Catamount health plan expansion sparks disagreements

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(Host) The state’s new Catamount health plan faces a potential multi-million dollar shortfall.

But lawmakers hope the deficit can be resolved, and that they can go ahead with plans to increase enrollment.

Other health care experts, though, say that’s a bad idea and this is not the time to expand the program.

VPR’s John Dillon reports:

(Dillon) The same day that lawmakers heard about a potential $10 million deficit in the new Catamount health plan, they also heard from their consultant on ways to get more people enrolled.

Ken Thorpe told the Health Care Commission that one way to get more people covered is to cut the waiting time for those without health insurance.

(Thorpe) “Right now you have to be uninsured for 12 months. An option obviously for making more people eligible is to reduce that to something that’s closer to what many states use for their CHIP programs, which is a six month waiting period.”

(Dillon) Catamount is supposed to launch in October, and by 2009 the state projects about 16,000 people will sign up. Vermont has about 60,000 residents without health coverage.

Lawmakers were discouraged this week to find out that the plan could face a $10 million deficit by 2010. The red ink is likely because the federal government has so far refused to allow Medicaid money to be used to cover those who make up to 300% of the poverty level. The state was counting on the money to help pay for about half the people in the program.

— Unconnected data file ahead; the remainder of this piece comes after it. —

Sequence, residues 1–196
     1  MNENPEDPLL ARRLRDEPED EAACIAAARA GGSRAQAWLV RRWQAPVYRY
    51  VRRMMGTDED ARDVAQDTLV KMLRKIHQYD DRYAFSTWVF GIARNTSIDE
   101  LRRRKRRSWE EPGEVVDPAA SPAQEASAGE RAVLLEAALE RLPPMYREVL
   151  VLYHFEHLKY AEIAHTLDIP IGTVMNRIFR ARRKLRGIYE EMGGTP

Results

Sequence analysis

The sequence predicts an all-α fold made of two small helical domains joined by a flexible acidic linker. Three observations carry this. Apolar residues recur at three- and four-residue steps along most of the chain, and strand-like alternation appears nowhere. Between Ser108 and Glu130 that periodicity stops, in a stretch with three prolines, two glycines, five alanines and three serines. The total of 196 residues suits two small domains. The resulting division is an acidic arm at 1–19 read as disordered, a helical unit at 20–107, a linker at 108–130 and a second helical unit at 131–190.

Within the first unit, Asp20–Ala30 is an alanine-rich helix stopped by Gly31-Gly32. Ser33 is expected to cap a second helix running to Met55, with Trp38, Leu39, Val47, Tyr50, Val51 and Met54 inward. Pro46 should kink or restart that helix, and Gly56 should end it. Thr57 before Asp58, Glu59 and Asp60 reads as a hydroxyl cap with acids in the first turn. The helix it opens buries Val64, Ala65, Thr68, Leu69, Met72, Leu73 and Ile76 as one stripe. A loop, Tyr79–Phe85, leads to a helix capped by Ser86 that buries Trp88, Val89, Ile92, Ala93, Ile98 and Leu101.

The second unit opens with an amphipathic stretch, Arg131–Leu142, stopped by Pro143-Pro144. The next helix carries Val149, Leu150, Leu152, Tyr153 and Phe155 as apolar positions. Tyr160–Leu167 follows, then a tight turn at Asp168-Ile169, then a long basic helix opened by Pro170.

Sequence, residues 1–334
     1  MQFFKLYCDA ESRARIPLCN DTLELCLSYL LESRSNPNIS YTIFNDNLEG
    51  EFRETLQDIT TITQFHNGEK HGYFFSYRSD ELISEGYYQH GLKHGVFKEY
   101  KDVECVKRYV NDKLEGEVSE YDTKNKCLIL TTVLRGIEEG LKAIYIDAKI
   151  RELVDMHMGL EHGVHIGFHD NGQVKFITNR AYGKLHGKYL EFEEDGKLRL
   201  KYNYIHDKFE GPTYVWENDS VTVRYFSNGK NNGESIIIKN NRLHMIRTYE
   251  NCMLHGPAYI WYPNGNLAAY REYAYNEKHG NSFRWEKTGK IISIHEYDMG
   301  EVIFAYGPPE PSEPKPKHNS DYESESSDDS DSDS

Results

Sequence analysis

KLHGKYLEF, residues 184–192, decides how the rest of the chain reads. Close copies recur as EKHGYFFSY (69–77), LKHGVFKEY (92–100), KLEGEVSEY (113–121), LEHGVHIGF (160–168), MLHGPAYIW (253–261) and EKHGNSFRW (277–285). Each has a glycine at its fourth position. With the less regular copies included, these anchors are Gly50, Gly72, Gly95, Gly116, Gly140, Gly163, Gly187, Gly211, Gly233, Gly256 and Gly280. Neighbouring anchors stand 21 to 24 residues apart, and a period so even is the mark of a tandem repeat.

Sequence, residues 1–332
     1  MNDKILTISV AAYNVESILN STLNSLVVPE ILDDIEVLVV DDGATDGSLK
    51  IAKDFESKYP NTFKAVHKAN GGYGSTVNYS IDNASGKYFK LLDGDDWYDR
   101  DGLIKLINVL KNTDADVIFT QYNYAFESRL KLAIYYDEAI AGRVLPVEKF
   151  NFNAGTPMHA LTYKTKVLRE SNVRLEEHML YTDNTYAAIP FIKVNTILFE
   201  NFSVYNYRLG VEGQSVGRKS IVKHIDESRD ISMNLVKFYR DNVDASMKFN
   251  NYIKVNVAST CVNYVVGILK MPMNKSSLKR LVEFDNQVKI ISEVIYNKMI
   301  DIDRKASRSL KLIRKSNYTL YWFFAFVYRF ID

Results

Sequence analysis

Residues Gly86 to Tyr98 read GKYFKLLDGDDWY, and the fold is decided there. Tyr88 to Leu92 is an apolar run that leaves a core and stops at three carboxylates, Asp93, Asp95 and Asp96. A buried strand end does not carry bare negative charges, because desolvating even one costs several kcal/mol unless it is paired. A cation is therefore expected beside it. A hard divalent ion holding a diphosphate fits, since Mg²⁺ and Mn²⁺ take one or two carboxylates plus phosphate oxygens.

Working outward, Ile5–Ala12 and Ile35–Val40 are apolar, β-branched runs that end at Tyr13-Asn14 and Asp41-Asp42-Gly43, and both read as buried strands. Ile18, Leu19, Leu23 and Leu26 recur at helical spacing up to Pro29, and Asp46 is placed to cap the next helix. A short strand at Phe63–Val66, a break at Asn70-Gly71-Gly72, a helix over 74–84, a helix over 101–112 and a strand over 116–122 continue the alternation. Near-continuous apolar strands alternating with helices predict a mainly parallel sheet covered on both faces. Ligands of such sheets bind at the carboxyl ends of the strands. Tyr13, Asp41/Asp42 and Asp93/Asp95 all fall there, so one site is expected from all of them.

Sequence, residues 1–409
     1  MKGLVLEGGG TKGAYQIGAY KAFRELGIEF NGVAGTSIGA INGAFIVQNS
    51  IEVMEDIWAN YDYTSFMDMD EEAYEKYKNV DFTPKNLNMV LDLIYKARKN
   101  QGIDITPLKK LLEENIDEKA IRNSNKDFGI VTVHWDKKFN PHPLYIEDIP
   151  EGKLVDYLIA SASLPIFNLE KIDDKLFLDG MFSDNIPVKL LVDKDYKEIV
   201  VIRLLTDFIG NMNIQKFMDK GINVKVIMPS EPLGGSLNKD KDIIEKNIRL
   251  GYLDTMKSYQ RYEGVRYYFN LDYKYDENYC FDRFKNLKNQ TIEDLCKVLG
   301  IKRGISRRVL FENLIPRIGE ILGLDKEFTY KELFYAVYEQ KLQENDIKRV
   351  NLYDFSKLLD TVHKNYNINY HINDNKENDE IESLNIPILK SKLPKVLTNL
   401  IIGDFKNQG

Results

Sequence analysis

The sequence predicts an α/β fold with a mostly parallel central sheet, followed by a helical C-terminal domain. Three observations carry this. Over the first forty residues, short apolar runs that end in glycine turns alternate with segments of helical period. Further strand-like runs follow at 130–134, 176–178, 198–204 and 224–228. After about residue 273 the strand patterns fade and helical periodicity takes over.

Middlebury Representative Steve Maier co-chairs the Health Care Commission. He says the Douglas Administration needs to come up with a plan to deal with the potential shortfall. He says Catamount is the first step to covering the uninsured, and that the deficit should not stop plans to expand.

(Maier) “And the work of the commission this summer and fall is to look at ways of expanding and growing the health care reform efforts. There are a variety of ideas that we already have on the table. Some of them involve additional funding, and some of them don’t. It may, in the end, affect some of the things we can do. But I think we remain committed to moving forward with additional steps toward health care reform.”

(Dillon) But Bea Grause, the president of the Vermont Association of Hospitals and Health systems, says the potential deficit is worrisome. And she says now may not be the time to expand coverage.

(Grause) “It’s primarily important to make sure that we provide health coverage to more Vermonters. But we have to do it in a way that is financially responsible. Because I think the last thing that anybody wants to do is provide a benefit and then have to take it away.”

(Dillon) Jeanne Keller is a health policy analyst in Burlington. She believes it would be irresponsible to expand Catamount if there isn’t enough money to fund the current program.

(Keller) “It’s just astonishing to me that they’re not only continuing forward with unfunded promises for the first round of Catamount but even having discussions about how to expand it, when they can’t fund the first round. And they can’t even fund Medicaid, the existing program.”

(Dillon) Keller says lawmakers should pause and re-evaluate whether to go ahead with Catamount. But the Douglas Administration says it’s committed to the plan. And Maier, the co-chair of the health care commission, says it makes no sense to cut the program.

For VPR News, I’m John Dillon in Montpelier.

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